Friday, November 19, 2010

A "Perceptual" Approach to Teaching the Visual Arts

photo by Hipnos
In Utah, the state's Office of Education provides two "goals" to direct how and what visual art teachers present in their classrooms.  These are "creating meaning in works of art" and "perceiving meaning in works of art."  These goals are then broken down into four "standards," namely Making, Perceiving, Expressing, and Contextualizing.  These standards are intended to "guide the student toward a deep and holistic comprehension of the Visual Arts."  (See Utah Arts Core.)

Unfortunately, Utah's visual art standards are inadequate.  While they may help students to express themselves and make cultural connections, they fail to demonstrate sufficient awareness of the skills required to create meaningful works of art and do not provide enough guidance for educators. It is this lack of structure that contributes to the devaluation of the arts in schools and is the primary reason that the arts are one of the first programs to be cut when funding is limited.

Something needs to change.

I've spent the past several months considering which standards I believe should guide the visual art classroom.  This has resulted in the following four guiding principles: Perception, Knowledge, Mastery, and Creativity.   I call it a "Perceptual" approach to teaching the visual arts, and it is based on precepts taught by Leonardo da Vinci, who stated that "all our knowledge has its origin in our perceptions."  It emphasizes visual intelligence and technical skills at younger ages and provides opportunities for greater creativity as students mature.

Following is a brief summary of this Perceptual Approach:


Above all, an artist must develop the ability to “perceive” the world around him, which is to gain an awareness of nature through the senses, primarily the eyes.  Perceiving is shaped by preconceptions and biases, so it becomes necessary for the art teacher to instruct the student how to perceive accurately.  Perceptual ability can be simplified into palatable concepts (which I simply call Percepts) that should be emphasized in lesson plans.  These Percepts include the "elements" of art, such as line, value, and color, as well as many more advanced concepts, especially the "behavior" of light and complex visual-spatial relationships .  An extensive, but open-ended list of perceptions should be developed and provided to art educators.

(Note:  "Perception" as used in Utah State's core standards refers to the ability to criticize and evaluate works of art and does not refer to the student's awareness of nature.  This marks a sharp difference between the State's approach to the visual arts and a Perceptual Approach.)


As the artist becomes aware of nature, the door is opened for inquiry and learning. This Standard emphasizes that students should take time to contemplate that which has been perceived. Questions are asked and answers are discovered through inquiry, experience, and reason.  In turn, as one gains greater knowledge of an object or concept, she becomes better able to perceive greater details and gain deeper knowledge.  Therefore, it is the responsibility of the art teacher to pass knowledge (Menes) on to her students and to provide opportunity for contemplation and inquiry so that the student might interpret and adapt the knowledge to their own experiences.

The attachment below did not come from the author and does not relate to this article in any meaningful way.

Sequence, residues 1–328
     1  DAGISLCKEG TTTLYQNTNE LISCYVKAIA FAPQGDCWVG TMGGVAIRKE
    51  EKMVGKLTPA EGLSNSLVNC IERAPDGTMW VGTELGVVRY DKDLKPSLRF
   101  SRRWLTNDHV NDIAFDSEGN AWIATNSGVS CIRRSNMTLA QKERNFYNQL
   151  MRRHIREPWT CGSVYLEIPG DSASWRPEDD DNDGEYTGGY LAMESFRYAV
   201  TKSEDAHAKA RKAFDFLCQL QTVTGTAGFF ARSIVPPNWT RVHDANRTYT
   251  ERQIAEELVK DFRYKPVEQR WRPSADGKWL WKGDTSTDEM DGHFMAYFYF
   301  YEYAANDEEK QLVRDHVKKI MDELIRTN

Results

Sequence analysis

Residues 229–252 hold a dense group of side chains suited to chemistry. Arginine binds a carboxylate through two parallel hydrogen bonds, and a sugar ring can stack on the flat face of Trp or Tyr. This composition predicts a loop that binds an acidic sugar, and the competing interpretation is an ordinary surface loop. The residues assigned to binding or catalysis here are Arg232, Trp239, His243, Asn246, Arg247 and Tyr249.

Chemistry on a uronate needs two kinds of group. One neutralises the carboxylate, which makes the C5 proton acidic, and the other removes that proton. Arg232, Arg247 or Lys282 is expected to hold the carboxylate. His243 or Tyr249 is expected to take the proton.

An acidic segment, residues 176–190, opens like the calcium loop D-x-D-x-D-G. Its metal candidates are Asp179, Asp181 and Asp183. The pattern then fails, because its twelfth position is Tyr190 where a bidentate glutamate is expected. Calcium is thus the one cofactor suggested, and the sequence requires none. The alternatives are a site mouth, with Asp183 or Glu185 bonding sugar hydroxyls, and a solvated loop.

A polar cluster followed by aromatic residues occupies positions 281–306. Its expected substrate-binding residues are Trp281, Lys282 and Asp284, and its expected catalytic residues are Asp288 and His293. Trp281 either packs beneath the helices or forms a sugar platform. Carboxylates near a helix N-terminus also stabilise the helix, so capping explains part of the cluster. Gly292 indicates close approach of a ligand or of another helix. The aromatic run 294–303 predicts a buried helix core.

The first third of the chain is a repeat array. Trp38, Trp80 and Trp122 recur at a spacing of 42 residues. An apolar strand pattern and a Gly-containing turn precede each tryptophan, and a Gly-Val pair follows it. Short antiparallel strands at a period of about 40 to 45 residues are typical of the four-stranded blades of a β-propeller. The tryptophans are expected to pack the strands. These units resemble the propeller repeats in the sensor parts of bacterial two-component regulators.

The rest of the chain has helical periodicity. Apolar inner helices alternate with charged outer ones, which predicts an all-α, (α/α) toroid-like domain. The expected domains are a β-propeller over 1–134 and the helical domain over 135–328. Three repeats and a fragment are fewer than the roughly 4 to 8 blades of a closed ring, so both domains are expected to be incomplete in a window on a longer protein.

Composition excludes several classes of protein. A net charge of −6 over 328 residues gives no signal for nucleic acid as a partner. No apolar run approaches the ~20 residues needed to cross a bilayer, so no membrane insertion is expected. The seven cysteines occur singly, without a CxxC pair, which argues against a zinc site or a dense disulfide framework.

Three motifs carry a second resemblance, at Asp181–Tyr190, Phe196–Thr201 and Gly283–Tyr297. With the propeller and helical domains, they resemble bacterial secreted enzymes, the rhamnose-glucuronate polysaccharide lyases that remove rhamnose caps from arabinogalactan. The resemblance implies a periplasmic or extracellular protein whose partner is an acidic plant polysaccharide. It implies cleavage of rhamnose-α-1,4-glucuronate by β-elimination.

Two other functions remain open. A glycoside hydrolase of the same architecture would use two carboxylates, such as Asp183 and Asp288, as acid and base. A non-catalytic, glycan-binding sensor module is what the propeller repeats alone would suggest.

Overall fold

Mastery is the ability of the artist to render his perceptions successfully in his desired medium. Mastery is obtained through practice.  It is the development of technique through imitation, rehearsal, and trial and error.  Without mastery, the student lacks the ability to express that which he perceives.


Creativity is often misunderstood by both students and teachers alike.  Frequently, creativity is mistaken for "self-expression."  Students often complain that a particular art lesson "stifles" their creativity because it requires them to draw or paint a way to which they are not accustomed and does not allow them to complete the work the way they want.  But in truth, the student who limits his perceptions, knowledge, or techniques actually lacks the ability to be creative. For example, an artist who has entirely practiced abstract painting techniques may one day wish to paint a realistic human figure, but would lack the ability to do so.  The artist must then seek knowledge and mastery of new techniques in order to accomplish this new goal.

Creativity is the culmination of choices that an artist makes in producing a work of art, therefore the artist who is capable of the most choices has the greatest creative advantage.  An art teacher should structure lessons so that students first take a disciplined approach to developing Perceptions, Knowledge, and Mastery, and then provide opportunities for the student to use those abilities in  unique and personal ways.

I propose this now, not because I think it is the best or only solution, but with the challenge of discussion and debate, and the possibility of advancing the arts in education.

Monday, November 15, 2010

Over-Confidence vs. Self-Deprecation

Hasty Thoughts:  Creativity requires confidence and courage.  You have to believe in your ideas or you'll never invest the time and effort that is required to see them through.  With that said, let me add that you must also be willing to accept criticism and perhaps even doubt ideas, just a bit.  Often it's in those moments when someone questions your ideas and forces you to rethink your views that you discover a better solution. The challenge is to be open to new ideas.